The V&A museum holds an internationally significant collection of wallpapers and it was during the course of her work at the museum as Assistant Curator for the Chinese collections that she first became interested in Chinese export wallpapers. She was intrigued by the longevity of their unique aesthetic appeal and their fascinating hybrid qualities. Made by Chinese craftsmen, ostensibly for European markets, they reflect multiple cultural traditions and influences and provide unique insight into the mechanisms of global cultural exchange from the early modern period to the present day.

In her lecture Dr. Wu will share some of her doctoral research, which examines the social and cultural history of Chinese wallpapers in a global context. Using case studies spanning the eighteenth to twenty-first century, she will present a comparative investigation of their function and uses in Great Britain, North America and China.

Tuesday 10th December
5:45 for 6:15 pm with welcome drinks sponsored by Woolley & Wallis
Dr. Laurie Margot Ross
Visualizing the Silk Road: Integrating Commerce and Aesthetics in Colonial Java

Chinese traders were among the earliest foreigners to visit Java—an important island of Silk Road trade in present-day Indonesia. As far back as the Song Dynasty, Chinese traders brought in silk, pottery, and coins, returning home with spices and exotics. Indians and Arabs followed, with strong footing in the textile trade, and Europeans competing for dominance of the region. Each culture left its mark. Britain’s tenure in Java under Lieutenant-General Thomas Stamford Raffles, though brief (1811-1816), launched Euro-American interest in ethnographic collecting for subsequent generations.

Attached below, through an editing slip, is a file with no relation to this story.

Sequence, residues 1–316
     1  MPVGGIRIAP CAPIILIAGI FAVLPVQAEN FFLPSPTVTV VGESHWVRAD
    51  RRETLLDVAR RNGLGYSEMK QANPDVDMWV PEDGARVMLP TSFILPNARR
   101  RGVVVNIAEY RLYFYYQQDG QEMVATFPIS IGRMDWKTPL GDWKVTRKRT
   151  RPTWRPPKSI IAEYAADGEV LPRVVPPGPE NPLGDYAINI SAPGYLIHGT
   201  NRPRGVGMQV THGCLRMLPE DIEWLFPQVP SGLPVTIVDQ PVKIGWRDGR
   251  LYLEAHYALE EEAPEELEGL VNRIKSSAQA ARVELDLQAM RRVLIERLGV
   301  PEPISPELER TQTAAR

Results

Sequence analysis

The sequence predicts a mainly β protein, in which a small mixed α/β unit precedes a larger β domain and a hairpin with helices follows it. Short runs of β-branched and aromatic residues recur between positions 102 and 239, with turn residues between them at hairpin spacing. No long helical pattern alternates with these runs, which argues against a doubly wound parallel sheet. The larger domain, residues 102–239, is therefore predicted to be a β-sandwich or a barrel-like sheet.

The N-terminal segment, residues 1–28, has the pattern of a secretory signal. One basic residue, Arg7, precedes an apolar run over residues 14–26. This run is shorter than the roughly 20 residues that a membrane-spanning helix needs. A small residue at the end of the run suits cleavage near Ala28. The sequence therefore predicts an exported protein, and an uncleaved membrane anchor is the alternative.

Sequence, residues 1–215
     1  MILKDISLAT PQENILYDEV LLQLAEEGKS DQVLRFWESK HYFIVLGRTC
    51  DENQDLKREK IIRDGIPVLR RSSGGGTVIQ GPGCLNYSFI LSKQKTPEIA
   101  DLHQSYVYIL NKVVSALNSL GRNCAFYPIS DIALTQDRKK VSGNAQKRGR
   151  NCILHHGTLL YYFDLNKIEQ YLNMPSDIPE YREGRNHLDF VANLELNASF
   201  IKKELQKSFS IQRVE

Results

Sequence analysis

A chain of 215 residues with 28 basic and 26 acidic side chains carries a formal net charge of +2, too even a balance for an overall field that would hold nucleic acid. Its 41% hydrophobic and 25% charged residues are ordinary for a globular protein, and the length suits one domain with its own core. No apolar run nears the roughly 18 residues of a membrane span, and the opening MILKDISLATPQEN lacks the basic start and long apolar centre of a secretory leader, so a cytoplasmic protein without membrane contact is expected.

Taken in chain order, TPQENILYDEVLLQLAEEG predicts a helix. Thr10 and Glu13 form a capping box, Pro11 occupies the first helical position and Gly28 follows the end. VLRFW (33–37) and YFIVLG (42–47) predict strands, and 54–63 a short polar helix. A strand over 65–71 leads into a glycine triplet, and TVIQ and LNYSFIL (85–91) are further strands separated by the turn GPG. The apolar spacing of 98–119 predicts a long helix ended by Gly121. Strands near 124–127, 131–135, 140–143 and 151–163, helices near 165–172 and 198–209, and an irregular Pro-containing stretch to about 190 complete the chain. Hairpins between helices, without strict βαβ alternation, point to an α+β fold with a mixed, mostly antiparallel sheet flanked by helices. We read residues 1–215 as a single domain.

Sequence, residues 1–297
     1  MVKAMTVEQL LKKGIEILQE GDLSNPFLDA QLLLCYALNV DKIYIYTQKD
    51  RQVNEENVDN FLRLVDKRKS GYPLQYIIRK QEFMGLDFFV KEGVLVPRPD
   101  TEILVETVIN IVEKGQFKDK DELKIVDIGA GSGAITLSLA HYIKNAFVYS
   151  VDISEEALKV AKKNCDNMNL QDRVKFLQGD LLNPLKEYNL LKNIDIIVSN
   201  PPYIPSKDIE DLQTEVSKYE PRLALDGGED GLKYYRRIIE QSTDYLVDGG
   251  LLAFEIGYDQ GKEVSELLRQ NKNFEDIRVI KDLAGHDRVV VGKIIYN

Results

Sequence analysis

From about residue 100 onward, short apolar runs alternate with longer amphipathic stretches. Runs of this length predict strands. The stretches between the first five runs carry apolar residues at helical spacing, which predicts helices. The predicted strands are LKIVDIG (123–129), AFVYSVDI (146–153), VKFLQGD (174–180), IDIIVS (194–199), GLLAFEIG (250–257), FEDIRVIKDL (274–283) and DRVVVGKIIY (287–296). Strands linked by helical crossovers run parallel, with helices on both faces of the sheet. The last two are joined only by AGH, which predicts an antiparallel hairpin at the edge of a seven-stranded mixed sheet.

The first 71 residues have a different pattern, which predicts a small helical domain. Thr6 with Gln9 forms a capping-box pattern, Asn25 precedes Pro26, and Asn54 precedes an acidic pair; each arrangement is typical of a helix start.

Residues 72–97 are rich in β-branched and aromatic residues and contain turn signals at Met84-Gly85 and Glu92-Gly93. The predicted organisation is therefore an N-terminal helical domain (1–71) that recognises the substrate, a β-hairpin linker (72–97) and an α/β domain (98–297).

Dutch control of Java lasted nearly 300 years, reaping considerably more of Java’s riches than its aromatics. Like their Chinese, Indian, and Arab predecessors, many displaced Dutch settlers married local women and raised families there. No wonder ‘syncretism’ and ‘Java’ are synonymous to anthropologists. How, then, to define the visual culture of the region? Art historians often privilege Indian aesthetics, pointing to the massive Hindu and Buddhist shrines erected in central Java—Loro Jonggrang and Borobudur, respectively. Less often considered are that the ceramics and silk from China, or miniature Qurans and talismans from the Hadhramaut—discovered on shipwrecks and excavated burial sites— contained magic properties that were implicit in their size. This paper examines how Javanese artists intuited, adapted, and transformed such disparate motifs as mandalas, serpents, Hindu kings, Sufi prophets, and those seeking to control them, into a distinctively glocal aesthetic.

Dr. Laurie Margot Ross is the Director of the research and curatorial firm, Glocal Matters in New York, which assists museums and other institutions in the development, documentation, and curation of their trans-regional art and visual culture collections. She earned her PhD in South and Southeast Asian Studies from the University of California, Berkeley. Dr. Ross has lectured extensively throughout the United States, the Netherlands, Germany, and Indonesia. Among her recent projects was to curate an exhibition of the mask collection of Benedict Anderson (Imagined Communities) which he bequeathed to the Herbert F. Johnson Museum of Art, Cornell University (New York).